By Carl Robinson, Ph.D., copyright 2004
During a recent dinner meeting with a group of bio-tech CEOs where I was the invited speaker, one of them complained about people who she characterized as, “Yes, but-ers.” Her complaint must have resonated because the other CEOs clamored to chime in with their examples of what I will call, “creativity killers.”
The example she gave was an obvious one. However, there are more subtle and menacing examples of how any of us can inadvertently do things that can suck the life right out of a room of highly creative people in a flash. In this briefing I’ll talk about some of those creativity killers and how you can spot them in yourself and others and keep from inadvertently unleashing this scourge on yourself and your people.
Some of the most potent creativity killers I’ve come across in my work with companies include:
Executive over-exuberance – not knowing when to shut up: This is a more subtle but nevertheless, very effective creativity killer. Executives who chime in too soon with their ideas and solutions can inadvertently stop further discussions. “Here is the answer…case closed,” is the unstated message. The trouble is that it may be “the answer” but if offered too frequently, other people will feel disempowered and simply wait for your correct answer. Unfortunately, no one person can be correct or brilliant all the time. You need to foster and tap into other people”s brilliance by encouraging input and discussion while being patient.
Excessive competitiveness or a “me first” mentality: Organizations where executives look out primarily for their own turf tend to squelch the essential cross-fertilization of ideas found in highly creative environments. “Why should I tell you about my new idea if you are only going to put me down” (so that you stay on top) is a common refrain. Or, “If you’re going to take credit for my ideas…I”m going to keep them for myself,” even if it means stifling our/my creativity.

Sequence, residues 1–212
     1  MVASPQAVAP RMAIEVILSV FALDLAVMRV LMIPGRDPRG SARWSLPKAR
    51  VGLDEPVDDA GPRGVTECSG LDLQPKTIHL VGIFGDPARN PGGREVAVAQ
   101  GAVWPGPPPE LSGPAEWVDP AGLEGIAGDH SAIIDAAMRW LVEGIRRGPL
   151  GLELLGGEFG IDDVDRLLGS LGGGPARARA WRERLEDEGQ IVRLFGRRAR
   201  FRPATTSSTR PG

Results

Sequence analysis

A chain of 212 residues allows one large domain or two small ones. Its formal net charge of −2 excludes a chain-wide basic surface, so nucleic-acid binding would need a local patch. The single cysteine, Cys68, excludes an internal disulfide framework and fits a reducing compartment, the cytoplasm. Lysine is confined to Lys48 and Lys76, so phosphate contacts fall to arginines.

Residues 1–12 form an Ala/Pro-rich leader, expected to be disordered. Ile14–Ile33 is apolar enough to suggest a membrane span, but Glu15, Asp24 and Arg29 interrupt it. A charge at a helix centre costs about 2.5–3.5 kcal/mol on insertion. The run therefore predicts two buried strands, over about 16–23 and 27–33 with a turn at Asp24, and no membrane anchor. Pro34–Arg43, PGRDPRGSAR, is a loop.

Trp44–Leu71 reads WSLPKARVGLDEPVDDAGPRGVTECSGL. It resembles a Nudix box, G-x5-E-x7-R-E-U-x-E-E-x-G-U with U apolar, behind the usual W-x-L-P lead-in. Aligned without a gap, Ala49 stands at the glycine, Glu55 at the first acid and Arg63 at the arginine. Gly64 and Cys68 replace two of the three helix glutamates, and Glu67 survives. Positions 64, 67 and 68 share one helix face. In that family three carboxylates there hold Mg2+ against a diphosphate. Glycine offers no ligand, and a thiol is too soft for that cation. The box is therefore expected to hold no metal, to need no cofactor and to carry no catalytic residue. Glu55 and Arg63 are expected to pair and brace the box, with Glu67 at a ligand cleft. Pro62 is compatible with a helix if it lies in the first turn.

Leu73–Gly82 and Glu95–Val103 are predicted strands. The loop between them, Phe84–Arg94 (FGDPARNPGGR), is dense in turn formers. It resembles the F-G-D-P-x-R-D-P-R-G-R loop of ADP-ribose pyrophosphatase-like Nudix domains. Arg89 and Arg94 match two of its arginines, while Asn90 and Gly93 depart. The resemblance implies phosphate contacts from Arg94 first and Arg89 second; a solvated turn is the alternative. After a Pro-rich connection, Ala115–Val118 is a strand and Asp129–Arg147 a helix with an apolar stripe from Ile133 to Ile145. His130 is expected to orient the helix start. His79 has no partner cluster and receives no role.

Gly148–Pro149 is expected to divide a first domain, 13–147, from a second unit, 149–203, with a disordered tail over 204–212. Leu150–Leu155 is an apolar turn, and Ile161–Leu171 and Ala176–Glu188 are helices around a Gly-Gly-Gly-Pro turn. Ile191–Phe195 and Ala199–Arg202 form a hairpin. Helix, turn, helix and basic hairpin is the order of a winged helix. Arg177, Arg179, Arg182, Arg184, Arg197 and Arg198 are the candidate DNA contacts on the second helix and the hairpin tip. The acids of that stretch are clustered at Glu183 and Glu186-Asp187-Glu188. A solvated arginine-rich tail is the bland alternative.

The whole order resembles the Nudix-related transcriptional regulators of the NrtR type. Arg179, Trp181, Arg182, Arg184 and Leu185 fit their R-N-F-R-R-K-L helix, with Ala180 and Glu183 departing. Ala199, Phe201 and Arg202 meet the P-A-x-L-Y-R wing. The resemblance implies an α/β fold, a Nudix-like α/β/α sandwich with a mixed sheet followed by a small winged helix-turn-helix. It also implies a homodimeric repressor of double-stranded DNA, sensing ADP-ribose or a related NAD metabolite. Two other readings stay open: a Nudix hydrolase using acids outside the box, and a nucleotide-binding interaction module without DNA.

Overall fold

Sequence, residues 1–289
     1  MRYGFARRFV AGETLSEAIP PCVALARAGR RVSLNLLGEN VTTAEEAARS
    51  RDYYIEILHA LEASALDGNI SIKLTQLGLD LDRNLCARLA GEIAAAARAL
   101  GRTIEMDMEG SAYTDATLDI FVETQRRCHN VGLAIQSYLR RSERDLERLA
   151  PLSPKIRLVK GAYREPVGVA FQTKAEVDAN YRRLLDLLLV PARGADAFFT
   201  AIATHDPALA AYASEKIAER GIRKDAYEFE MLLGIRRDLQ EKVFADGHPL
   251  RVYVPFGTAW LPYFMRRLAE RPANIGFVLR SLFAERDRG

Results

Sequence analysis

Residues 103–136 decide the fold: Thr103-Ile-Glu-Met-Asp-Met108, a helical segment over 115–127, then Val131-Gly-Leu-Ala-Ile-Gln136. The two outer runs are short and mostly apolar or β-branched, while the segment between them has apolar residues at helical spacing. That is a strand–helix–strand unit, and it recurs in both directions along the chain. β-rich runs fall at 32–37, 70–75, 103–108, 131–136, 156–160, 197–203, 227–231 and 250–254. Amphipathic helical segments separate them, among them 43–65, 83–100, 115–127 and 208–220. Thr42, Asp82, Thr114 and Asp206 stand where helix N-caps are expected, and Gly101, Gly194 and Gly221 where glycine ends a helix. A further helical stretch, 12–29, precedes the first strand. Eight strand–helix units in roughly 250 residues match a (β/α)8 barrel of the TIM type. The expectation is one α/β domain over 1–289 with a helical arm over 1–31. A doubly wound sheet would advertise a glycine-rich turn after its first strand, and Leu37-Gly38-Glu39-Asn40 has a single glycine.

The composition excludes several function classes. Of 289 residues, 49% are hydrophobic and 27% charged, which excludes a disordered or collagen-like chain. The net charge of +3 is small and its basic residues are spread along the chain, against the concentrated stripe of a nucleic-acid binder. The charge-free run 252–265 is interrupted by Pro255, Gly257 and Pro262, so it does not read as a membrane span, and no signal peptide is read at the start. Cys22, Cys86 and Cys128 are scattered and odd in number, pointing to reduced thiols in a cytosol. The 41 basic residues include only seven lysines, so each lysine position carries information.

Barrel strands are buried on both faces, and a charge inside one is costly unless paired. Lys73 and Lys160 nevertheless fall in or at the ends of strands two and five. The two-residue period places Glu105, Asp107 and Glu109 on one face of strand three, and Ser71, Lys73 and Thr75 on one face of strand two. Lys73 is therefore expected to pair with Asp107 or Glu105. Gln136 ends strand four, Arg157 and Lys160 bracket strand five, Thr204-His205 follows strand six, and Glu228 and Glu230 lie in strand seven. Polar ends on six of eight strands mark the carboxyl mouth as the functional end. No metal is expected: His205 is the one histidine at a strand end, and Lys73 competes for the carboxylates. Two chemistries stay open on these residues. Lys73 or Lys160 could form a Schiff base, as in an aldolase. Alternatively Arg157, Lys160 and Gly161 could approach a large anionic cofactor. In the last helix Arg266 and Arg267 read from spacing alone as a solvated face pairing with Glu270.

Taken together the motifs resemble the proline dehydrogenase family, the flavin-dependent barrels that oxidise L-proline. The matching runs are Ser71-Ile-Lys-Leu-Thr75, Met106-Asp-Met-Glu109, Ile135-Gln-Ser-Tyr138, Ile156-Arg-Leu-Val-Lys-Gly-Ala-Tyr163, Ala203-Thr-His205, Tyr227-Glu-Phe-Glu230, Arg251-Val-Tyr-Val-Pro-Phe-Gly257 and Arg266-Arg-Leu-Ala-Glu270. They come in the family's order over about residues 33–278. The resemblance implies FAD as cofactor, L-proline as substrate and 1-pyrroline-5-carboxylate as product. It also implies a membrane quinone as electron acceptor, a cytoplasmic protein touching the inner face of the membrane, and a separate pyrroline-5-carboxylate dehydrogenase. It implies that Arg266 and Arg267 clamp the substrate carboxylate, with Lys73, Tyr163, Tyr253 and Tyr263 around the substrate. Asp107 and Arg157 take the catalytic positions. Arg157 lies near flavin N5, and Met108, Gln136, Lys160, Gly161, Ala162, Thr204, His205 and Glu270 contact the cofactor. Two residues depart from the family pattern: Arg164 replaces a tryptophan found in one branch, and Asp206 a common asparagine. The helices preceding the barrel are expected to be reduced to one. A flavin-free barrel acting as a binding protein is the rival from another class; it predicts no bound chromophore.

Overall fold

Over surveillance: Executives who hover about and look over your shoulder squelch the creative urge. The implication is that the executive doesn’t trust people and that deflates creativity.
Too judgmental: Executives who critique too soon and too harshly scare people into silence. Evaluation of ideas too soon can lead to a preoccupation with being judged. Not all ideas are good but jumping in too quickly to criticize them will stop the flow. Quantity of ideas is the hallmark of creativity. Very creative people produce lots of ideas…many end up on the cutting room floor before that one good one surfaces. The challenge is to refine and hone ideas at the proper time…not too soon.
Micromanaging every step of the way: Similar to surveillance, micromanaging fosters an oppressive sense of constriction, which discourages originality. I’ve known too many executives jump ship over being micromanaged. Smart, creative people need to be trusted.
Relentless deadlines: Teresa Amabile, of the Harvard Business School, found in her research that a too-intense schedule that creates panic can stifle creativity. “While some pressure can be motivating, and deadlines and goals can focus attention, they can kill fertile ‘off time’ where fresh ideas flourish.”
Avoidance of change: Some people simply are risk adverse and new ideas that are edgy are perceived as bad ideas. The challenge is to listen, consider, evaluate and then, if the idea seems good, ask: Am I afraid of trying out this new idea? Does it rock my boat too much? Am I resistant because I’m afraid or is it really a bad idea?
Lastly, there is the “Yes, but:” People who say, “Yes, but” or some variation on the theme, clearly don’t agree with you and aren’t really listening. Some folks are chronic “yes but-ers” and when they enter a conversation you can feel people get depressed. Unfortunately, “yes but-ers” rarely receive useful feedback about their condition because they say…yes, but! So, people avoid them or tune them out. If you have a yes but-er in your group you have to confront them quickly to stop the behavior or your energy can quickly become depleted.
If you know of other creativity killers and have successfully thwarted their attack…send them my way and I’ll post a follow up in next month’s executive briefing.